Fantastic judgment: Activists

Activists across the country celebrated Thursday's Supreme Court verdict decriminalising consensual homosexual acts between adults, but cautioned that society and police needed to be sensitised if the judgment were to yield results on the ground.

By Pheroze L. Vincent
  • Published 7.09.18
People of LGBTQ community celebrate with a cake after the Supreme Court verdict on Thursday. (PTI)

New Delhi: Activists across the country celebrated Thursday's Supreme Court verdict decriminalising consensual homosexual acts between adults, but cautioned that society and police needed to be sensitised if the judgment were to yield results on the ground.

"It is a fantastic judgment.... The other thing that was very touching is that they (the Supreme Court) apologised to the community for what they have been put through," said Anjali Gopalan, founder of the Naz Foundation, which had waged a 17-year legal battle for LGBT rights.

"They also said that this judgment should be forwarded to every police station so that violations don't happen."

The apex court has struck down certain provisions in Section 377 of the Indian Penal Code that criminalised all sexual acts "against the order of nature", even if consensual.

Ajita Banerjie, a Delhi-based gender and sexuality rights researcher, told The Telegraph: "Section 377 was used to blackmail, harass, arrest and extort money from LGBTQI people, especially those who occupy public spaces for sex work or begging."

She added: "The pretext of the law to harass people has now gone away with this historic judgment. The judgment provides equality and legitimacy to LGBTQI people, who were treated as second-class citizens. Legal recognition will hopefully pave the way for social recognition and (teach) society to be more inclusive and rights-respecting."

Banerjie said that despite an April 2014 apex court judgment giving legal recognition to transgender people, and Thursday's verdict according legitimacy to all adult and consensual sexual relations, there was still a long way to go in changing police behaviour.

"In the time since the (2014) judgment, the last (police) constable has not been sensitised as the government does not see it as its prerogative to translate good judgment into better policies and spread awareness. Activists are playing this role."

Devdutt Pattanaik, author of several books on mythology and sexuality in the Karmic religions, hoped that the act of forcing LGBTQI people into heterosexual marriages would now be criminalised.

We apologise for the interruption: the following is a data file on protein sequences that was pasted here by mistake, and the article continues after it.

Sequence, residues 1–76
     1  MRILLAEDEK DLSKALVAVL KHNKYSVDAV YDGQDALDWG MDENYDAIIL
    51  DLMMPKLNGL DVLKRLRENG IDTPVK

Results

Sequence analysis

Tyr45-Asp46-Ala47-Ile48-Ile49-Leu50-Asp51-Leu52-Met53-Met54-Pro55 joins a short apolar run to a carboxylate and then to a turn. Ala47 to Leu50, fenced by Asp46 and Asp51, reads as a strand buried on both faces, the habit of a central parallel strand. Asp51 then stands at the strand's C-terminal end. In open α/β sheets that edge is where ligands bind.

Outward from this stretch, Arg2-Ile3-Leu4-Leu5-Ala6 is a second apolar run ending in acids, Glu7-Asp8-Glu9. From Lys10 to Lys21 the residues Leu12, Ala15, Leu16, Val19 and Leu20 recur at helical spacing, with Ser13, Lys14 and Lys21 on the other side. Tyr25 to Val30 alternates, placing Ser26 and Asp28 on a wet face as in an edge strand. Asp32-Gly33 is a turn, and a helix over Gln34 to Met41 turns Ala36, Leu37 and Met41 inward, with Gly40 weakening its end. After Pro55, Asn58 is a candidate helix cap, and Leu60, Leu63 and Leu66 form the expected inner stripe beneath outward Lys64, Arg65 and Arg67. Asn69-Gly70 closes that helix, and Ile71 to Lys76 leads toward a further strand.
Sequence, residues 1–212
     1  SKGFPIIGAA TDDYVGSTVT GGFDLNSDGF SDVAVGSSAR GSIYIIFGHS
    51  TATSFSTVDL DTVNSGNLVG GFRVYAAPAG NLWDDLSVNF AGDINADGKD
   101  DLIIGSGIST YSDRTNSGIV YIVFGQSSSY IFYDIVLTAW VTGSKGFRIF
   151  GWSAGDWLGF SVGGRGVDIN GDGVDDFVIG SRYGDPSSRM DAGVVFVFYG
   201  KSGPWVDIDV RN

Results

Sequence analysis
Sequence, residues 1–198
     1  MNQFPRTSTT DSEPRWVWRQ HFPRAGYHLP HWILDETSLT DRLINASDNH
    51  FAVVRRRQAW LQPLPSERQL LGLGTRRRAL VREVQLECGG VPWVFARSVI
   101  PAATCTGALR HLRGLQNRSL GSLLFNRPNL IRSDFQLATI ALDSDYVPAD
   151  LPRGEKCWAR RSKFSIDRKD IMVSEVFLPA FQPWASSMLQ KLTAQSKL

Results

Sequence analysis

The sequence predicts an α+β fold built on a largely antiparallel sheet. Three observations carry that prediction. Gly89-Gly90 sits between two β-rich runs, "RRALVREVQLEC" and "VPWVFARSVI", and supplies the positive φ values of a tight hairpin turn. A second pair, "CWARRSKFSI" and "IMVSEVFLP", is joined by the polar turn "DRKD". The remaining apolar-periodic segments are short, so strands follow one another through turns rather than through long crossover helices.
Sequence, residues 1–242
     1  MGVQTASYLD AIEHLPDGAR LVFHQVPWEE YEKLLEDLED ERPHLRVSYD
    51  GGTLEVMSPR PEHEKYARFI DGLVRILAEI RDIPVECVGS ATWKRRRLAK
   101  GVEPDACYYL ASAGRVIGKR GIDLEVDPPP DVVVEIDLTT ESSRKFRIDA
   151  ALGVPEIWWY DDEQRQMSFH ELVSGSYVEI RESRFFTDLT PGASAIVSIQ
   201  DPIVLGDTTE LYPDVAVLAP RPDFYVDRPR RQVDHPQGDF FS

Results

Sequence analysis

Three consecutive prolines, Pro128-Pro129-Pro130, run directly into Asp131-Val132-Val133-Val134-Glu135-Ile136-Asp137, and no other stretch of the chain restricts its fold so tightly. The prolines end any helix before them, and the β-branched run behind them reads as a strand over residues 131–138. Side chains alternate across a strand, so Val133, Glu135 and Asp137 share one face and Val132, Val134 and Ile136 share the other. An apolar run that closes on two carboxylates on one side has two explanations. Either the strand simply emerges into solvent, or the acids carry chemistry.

"There are stories of gender transformation and same-sex love across our cultures. It's there in Buddhism, Jainism and Hinduism. There are lots of writings on homosexuality and queer ideas. There are almost 50 words to define the queer gender and queer sexuality in our country," he said.

"All this indicates a culture which was very forward-thinking.... Anyone who reads our scriptures knows that wisdom lies in accepting human genders and sexuality in inclusion and in love."

Gautam Bhan, veteran LGBT rights activist and a teacher at the Indian Institute of Human Settlements, Bangalore, told this newspaper: "We are happy that the court has reaffirmed that sexuality is inextricably connected to dignity, equality and constitutional rights. The main issue is that queer people are able to take on police violence."

He added: "We are particularly happy that Justice (R.F.) Nariman gave a specific direction to the Union of India to work with the police in their dealings with LGBT people, (and against) discrimination over health, work, housing and employment.... Those battles are very much where work has to begin for the next phase of the movement."

The United Nations also welcomed the judgment. It said in a statement: "The UN in India sincerely hopes that the court's ruling will be the first step towards guaranteeing the full range of fundamental rights to LGBTI persons. We also hope that the judgment will boost efforts to eliminate stigma and discrimination against LGBTI persons in all areas of social, economic, cultural and political activity, thereby ensuring a truly inclusive society.

"The focus must now be on ensuring access to justice, including remedy; effective investigations of acts of violence and discrimination; and effective access to economic, social and cultural rights."

Frederick Rawski, Asia Pacific director of the global human rights NGO, International Commission of Jurists, said in a statement: "The ICJ hopes that it will provide an impetus for other countries, especially those of the Commonwealth of Nations, to revoke similar provisions that criminalise consensual sexual relations.

"It is time for the Indian Parliament to conduct wide-ranging review of existing legal framework, repeal discriminatory laws, and address other gaps in the law that prevent LGBT persons from fully exercising their rights."

Siddharth Dube, the author of No One Else, which is about a young man's struggle with homosexuality in a country where it is illegal, said: "Striking down this barbaric law is actually emancipatory for everyone in India - 'gay' or 'straight', well-off or poor, women or transgender or men.

"Because in this more humane society love, common sense, decency and justice will flourish. The bullies and bigots have been stripped of one potent tool for terrorising others - and all of us will benefit."